All of our attention is understandably drawn to the COVID-19 crisis; however, we need to remember that other illnesses that threaten our health have not gone away. We’re still at risk of serious issues like heart disease or cancer, and we shouldn’t lose sight of that during the pandemic.
At CareSource, a multi-state health plan, we recognize the importance of keeping up with preventive care, or the care you receive to prevent illnesses, like immunizations and regular health screenings. People should still continue to make this a priority. Your risks for COVID-19 and other health concerns depends on several factors, including your age and other medical conditions. Your specific preventive health plan should be made in consultation with your provider.
There are several different factors that play into whether or not you need to visit a doctor’s office right now. At CareSource, we created the following tips to keep up with important preventive care visits, while also keeping yourself as safe as possible.
Assess your risk
If you’re considering attending an in-person preventive visit, have a conversation with your provider first to determine your risk and find out what precautions their office is taking. Ask your provider what their current policy is on preventive visits. Most likely, the answer they give to a 25-year old will be very different from a 55-year old. If you’re older or if you have preexisting health conditions or a compromised immune system, it may be prudent to delay your visit.
Turn to technology
If you are in a higher risk category for an in-person visit, you can utilize the different means of technology that many health care professionals have turned to during this time. Telehealth and telemedicine are great avenues to use for help with mental health issues, like depression or anxiety. Speaking with your provider over video chat to receive education, advice and counseling can serve as a solution if you can’t keep up with your visits in person. This is especially relevant now during the pandemic, as most health care providers are now offering telehealth services. For example, CareSource now has a resource called MYidealDOCTOR, a 24/7 telemedicine solution for our members.
Visit freestanding labs
During this time, you can still get tested for conditions like diabetes, high cholesterol levels or thyroid problems. Your provider can send an order for a test to be conducted at a freestanding lab, or an outpatient center that is separate from a hospital. There tends to be less traffic at these freestanding labs, limiting your exposure to other people during your testing process. You can also easily schedule your visits online and check wait times.
Keep up with OB/GYN checkups, dentist visits and eye exams if you are presenting problematic symptoms. If not, consider postponing
The American Cancer Society recommends holding off on your annual mammogram screening or pap smear, unless you are exhibiting signs that are concerning for something as serious as cancer. If you are showing symptoms that something is wrong, or if you have a family history of cancer or previous abnormal pap smears, you may need to visit your provider for an in-person test in order to treat a potential illness as early as possible.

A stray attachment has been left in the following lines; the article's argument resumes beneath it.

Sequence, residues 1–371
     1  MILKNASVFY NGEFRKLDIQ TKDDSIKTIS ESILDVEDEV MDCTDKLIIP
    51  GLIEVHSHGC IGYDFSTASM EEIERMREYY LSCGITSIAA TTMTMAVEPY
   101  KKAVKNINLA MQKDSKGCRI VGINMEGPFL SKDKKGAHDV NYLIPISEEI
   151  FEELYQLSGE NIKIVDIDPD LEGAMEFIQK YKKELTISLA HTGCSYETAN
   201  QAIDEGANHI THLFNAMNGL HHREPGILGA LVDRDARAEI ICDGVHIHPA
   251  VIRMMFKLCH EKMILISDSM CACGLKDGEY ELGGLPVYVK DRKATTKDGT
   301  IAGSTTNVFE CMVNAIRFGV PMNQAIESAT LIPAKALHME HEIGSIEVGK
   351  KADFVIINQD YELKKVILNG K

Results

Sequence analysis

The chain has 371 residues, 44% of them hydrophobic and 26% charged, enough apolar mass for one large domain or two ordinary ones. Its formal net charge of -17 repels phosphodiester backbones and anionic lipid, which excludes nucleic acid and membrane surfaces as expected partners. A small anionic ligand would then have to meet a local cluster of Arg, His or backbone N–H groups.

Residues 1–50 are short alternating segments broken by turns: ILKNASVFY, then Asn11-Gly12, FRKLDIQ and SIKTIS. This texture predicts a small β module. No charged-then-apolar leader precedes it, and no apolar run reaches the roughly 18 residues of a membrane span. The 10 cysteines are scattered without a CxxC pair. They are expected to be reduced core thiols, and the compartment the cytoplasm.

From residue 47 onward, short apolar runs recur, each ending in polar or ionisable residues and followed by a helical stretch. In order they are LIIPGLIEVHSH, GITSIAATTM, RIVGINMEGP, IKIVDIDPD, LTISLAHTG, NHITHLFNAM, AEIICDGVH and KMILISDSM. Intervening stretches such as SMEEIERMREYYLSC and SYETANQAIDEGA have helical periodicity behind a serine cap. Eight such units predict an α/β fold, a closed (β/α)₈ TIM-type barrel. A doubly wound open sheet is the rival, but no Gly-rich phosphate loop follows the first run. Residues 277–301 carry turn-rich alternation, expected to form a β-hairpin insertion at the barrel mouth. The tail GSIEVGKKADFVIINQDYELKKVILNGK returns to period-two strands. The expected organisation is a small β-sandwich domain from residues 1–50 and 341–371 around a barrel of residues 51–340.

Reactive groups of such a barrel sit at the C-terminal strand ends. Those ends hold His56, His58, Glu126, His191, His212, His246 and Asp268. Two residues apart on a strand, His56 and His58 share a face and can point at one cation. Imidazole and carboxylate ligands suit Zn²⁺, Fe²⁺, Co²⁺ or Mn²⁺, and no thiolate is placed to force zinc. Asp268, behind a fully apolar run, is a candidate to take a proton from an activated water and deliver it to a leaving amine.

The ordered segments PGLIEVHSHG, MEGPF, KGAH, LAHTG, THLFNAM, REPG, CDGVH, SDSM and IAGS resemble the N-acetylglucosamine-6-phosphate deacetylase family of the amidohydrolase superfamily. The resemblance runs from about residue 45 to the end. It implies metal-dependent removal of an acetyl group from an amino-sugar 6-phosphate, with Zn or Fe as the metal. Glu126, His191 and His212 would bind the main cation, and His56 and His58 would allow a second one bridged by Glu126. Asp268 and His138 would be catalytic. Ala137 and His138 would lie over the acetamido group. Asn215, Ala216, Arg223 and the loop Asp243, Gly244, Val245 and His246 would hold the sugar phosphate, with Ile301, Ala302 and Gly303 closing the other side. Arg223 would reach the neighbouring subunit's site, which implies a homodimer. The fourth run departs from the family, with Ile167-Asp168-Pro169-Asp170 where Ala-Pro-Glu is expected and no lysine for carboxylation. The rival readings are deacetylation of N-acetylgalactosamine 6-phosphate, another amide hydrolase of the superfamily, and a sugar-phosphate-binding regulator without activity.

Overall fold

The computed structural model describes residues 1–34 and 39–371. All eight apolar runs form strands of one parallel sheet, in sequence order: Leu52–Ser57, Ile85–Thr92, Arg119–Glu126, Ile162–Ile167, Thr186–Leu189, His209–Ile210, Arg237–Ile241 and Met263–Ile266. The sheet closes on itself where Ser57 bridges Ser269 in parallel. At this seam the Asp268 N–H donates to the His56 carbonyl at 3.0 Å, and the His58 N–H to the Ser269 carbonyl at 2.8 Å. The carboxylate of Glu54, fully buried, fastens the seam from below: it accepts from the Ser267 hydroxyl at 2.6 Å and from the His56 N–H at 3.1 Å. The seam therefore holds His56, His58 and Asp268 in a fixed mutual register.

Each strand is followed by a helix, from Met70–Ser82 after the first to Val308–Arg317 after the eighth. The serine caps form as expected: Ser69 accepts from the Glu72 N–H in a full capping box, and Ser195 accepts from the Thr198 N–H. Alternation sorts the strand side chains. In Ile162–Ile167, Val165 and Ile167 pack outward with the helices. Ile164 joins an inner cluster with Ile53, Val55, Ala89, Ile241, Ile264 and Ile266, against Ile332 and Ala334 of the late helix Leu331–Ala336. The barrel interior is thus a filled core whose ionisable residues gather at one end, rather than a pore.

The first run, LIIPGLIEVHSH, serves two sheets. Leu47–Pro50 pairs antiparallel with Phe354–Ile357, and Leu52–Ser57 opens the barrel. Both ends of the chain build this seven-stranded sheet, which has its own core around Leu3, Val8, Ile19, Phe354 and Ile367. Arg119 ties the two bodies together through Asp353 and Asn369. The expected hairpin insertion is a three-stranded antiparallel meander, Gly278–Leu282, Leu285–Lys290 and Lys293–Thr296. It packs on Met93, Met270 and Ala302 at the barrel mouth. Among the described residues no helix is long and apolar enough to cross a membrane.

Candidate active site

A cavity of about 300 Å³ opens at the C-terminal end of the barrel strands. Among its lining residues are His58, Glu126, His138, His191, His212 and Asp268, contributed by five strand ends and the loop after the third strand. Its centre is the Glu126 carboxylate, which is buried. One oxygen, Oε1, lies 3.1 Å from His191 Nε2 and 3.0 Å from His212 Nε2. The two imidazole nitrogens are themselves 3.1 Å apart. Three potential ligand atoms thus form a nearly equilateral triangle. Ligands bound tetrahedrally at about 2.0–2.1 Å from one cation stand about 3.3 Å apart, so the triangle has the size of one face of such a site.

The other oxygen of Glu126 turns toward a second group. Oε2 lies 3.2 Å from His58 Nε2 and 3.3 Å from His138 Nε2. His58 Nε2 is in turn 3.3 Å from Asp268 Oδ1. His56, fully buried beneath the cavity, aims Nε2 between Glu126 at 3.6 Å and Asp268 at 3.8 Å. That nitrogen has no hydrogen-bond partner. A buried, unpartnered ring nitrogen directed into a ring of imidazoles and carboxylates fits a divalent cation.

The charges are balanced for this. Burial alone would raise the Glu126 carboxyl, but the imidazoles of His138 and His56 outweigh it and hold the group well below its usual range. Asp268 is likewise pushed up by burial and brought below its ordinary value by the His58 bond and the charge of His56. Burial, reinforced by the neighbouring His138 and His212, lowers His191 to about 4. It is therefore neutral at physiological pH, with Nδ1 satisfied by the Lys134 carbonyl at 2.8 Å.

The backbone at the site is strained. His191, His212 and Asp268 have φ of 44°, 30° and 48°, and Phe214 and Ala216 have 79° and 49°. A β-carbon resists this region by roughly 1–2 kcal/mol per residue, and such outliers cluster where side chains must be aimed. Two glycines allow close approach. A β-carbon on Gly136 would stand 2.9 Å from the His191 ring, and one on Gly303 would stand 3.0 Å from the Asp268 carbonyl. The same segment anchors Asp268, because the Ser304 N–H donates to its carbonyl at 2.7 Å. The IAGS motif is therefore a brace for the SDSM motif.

I’d also recommend holding off on routine cleanings at the dentist’s office. However, if you experience an emergency like sudden bleeding or intense tooth pain, you should visit your dentist. The same goes for eye exams. If you’re younger than 50 years old, and you’re visiting your eye doctor for an annual checkup, this can be postponed. Conversely, if you’re older or experiencing a serious eye disease or injury, you should contact your eye provider for advice.
It can be difficult to assess whether or not something constituents as an “emergency” during this time. You should try to get in touch with your provider prior to your visit to determine if you need to be seen.
Maintain children’s immunization schedule
It’s critical to keep up with children’s regular vaccination schedules and Well Child Visits. This prevents them from experiencing other life-threatening illnesses, like the measles, mumps or polio. According to the Centers for Disease Control and Prevention (CDC), delaying vaccines could leave your child vulnerable to disease when they’re most likely to have serious complications.
Therefore, children should still be immunized on the CDC’s recommended schedule, and this should not be put off. According to the CDC, regular vaccines protect children from 14 potentially serious diseases before their second birthday. Vaccinating children on time not only protects them but also anyone around them with a weakened immune system.
Learn how your provider is keeping the office safe
If you’re nervous to visit your provider with your young child, find out the steps your doctor is taking to keep everyone safe. Health care providers are all utilizing personal protective equipment like masks and gloves. They’re also enforcing strict hand washing rules and maintaining six feet of distance between patients. Although doctor’s offices were already carefully sanitized before the COVID-19 pandemic, they’re taking additional measures to deep clean between patients. Providers are doing everything they can to minimize risk.
Continue to do your part
You can also help in keeping preventive visits as safe as possible by wearing a mask, maintaining six feet of distance between other patients, and washing your hands with warm water and soap for at least 30 seconds. You should also ask yourself if it’s truly critical for you to be seen by your provider. If not, that saves your doctor from unnecessary exposure and allows them to care for higher-risk patients.